Programs such the free to download Lingoes (http://www.lingoes.net/en/index.html) provide a number of key features that will prove useful to ESL teachers and students. There is also a portable version.
Lingoes are an easy and intuitive dictionary and text translation software program. It offers lookup dictionaries, full text translation, capture word onscreen; it translates selected text and pronunciation of words in over 80 languages. These languages include English, French, German, Italian, Spanish, Portuguese, Russian, Greek, Swedish, Turkish, Chinese, Japanese, Korean, Polish, Arabic, Hebrew, Vietnamese and Thai.
Key features include:
- Cross translation over 80 languages
- Full text translation over 42 languages
- Ctrl + Right mouse button key for the cursor translation
- Zoned word translation
- Clipboard text capture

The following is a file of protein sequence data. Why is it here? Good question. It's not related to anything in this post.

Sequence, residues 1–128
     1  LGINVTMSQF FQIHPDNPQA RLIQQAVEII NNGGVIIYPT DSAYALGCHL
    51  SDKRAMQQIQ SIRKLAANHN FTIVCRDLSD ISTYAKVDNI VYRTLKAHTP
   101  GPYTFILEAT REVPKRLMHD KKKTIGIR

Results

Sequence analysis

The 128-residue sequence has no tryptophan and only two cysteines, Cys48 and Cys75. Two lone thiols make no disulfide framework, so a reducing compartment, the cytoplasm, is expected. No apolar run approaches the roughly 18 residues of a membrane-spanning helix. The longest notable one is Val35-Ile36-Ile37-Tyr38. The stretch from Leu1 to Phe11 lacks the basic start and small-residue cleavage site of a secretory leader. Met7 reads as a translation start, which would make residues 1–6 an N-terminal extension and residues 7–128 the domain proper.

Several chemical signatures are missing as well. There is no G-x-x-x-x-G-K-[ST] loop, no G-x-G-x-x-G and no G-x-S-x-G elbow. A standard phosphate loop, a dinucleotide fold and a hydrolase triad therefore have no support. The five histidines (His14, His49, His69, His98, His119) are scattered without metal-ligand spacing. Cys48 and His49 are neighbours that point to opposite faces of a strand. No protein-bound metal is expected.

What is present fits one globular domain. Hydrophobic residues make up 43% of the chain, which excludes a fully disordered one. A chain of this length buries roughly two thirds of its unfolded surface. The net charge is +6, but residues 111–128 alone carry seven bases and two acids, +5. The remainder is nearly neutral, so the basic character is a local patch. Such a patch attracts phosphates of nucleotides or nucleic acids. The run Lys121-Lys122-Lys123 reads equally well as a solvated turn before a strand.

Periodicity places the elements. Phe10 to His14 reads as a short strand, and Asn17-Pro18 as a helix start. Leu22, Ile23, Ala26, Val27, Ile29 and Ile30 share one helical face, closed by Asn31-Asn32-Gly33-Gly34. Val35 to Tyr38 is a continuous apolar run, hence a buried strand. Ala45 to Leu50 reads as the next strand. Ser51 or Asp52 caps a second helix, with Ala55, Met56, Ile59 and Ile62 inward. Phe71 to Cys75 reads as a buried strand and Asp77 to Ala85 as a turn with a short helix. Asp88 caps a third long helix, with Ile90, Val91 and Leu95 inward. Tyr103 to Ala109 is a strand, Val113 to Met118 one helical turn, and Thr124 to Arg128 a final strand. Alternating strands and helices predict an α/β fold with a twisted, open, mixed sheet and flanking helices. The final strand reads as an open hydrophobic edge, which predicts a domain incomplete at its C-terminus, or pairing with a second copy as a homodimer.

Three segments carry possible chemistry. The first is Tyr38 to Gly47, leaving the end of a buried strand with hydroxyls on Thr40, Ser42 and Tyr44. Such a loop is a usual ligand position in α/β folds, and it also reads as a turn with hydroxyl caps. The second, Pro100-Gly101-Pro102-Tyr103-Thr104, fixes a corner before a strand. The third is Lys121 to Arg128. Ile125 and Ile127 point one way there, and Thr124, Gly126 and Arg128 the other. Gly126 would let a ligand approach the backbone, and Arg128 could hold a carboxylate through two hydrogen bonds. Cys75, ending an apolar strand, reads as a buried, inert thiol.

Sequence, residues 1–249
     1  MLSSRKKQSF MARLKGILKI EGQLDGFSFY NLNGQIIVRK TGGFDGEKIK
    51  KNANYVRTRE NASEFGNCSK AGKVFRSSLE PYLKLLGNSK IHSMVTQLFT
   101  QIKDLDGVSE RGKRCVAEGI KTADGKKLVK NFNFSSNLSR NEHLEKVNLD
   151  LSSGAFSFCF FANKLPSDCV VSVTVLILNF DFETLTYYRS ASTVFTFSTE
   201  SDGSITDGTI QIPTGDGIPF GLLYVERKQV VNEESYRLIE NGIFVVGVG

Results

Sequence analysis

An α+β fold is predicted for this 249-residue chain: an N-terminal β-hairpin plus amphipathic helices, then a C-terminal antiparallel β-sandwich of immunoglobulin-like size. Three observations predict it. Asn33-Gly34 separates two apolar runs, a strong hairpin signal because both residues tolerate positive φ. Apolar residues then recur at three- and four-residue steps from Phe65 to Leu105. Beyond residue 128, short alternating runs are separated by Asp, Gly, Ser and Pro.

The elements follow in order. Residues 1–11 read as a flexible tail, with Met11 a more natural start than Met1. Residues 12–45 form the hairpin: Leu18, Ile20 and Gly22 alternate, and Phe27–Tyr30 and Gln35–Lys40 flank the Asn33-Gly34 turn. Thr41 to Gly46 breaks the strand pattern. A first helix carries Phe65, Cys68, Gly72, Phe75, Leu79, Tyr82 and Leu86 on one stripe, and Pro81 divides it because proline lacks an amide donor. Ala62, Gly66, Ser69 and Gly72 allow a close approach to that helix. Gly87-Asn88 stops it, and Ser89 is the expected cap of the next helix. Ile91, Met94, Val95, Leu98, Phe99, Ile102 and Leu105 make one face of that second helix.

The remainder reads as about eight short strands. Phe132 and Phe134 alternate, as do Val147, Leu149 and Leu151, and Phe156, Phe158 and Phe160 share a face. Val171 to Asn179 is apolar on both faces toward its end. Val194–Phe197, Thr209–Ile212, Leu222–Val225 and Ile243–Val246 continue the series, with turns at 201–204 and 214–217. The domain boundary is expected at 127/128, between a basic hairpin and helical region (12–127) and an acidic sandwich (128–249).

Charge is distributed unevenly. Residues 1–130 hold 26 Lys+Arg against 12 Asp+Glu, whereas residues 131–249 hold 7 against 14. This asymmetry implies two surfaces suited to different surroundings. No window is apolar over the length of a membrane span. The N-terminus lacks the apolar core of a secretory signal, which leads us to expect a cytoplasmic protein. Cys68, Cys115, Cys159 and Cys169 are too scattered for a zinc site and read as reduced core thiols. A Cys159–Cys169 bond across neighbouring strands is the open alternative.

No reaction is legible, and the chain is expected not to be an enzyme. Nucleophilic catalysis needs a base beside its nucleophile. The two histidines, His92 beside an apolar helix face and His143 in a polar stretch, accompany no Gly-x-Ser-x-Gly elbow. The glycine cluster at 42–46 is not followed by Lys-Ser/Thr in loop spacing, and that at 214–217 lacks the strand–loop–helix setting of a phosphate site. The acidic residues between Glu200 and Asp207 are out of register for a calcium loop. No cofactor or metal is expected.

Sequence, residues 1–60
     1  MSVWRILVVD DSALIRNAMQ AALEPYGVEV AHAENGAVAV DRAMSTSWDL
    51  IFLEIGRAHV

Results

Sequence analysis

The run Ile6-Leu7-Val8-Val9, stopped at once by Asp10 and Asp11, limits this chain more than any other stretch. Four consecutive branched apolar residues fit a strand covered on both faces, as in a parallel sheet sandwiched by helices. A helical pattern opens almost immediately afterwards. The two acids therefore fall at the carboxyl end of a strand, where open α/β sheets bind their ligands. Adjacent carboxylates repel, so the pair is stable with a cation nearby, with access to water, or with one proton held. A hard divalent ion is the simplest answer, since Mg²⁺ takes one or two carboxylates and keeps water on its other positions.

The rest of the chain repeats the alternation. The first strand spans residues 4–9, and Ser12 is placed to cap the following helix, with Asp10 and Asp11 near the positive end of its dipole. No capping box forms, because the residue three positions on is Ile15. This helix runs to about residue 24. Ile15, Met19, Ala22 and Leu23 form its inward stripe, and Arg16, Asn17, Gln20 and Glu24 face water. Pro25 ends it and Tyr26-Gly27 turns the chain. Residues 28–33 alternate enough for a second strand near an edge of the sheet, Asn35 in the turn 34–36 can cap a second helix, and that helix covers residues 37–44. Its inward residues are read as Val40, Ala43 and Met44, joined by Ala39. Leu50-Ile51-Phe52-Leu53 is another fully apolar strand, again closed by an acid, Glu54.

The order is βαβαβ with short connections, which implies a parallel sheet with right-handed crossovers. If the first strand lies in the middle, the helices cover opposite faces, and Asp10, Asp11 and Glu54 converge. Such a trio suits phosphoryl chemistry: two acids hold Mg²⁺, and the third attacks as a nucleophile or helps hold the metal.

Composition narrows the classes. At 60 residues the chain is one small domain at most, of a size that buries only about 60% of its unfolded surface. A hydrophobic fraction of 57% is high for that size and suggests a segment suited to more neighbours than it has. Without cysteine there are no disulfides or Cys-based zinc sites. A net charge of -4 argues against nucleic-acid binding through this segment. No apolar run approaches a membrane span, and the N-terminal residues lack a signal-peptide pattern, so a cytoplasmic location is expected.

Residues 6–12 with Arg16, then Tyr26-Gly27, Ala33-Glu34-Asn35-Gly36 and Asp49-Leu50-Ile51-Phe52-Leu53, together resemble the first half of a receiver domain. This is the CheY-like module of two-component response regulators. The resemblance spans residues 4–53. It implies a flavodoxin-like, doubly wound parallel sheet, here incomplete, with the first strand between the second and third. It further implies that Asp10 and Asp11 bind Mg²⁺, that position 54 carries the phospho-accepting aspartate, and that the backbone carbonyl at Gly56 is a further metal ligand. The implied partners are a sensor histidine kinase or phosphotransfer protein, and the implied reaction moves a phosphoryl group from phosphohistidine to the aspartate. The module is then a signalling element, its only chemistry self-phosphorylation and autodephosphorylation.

- Words and Texts Pronunciation
- Free dictionaries and thesauruses
- Online dictionaries and WikiPedia access
Babylon 9 is a commercial program with a free download trial version available.
Babylon’s features include:
- Easy to use – translate with just one click of a mouse
- Translation to and from 75 languages
- Full Web page translation
- Full document translation (Word, PDF, Text)
- Integrates seamlessly into Microsoft office Spellers
- Leading Dictionary Packs – Britannica, OXFORD and WikiPedia
Online Text Translation
There are a number of sites that provide options for text translation.
FreeTranslation is a quick way to type some text and have it immediately translated (be careful though, as not all of these engines are 100% accurate!) http://www.freetranslation.com/
Yahoo7 Babel Fish allows a user to type up to 150 words from one language to another (not just English to another language). http://au.babelfish.yahoo.com/translate_txt. Users an also have a web page translated. This is very handy where a newspaper article in Greece, written in Greek, is required for a student learning English. It also caters to parents who require English translation of documents online, or from English text into their native tongue.
There are more technology options for ESL students (e.g. hand held translating devices from Franklins http://www.franklinelectronics.com.au/ but these are predominantly free and easy to use for educators and students!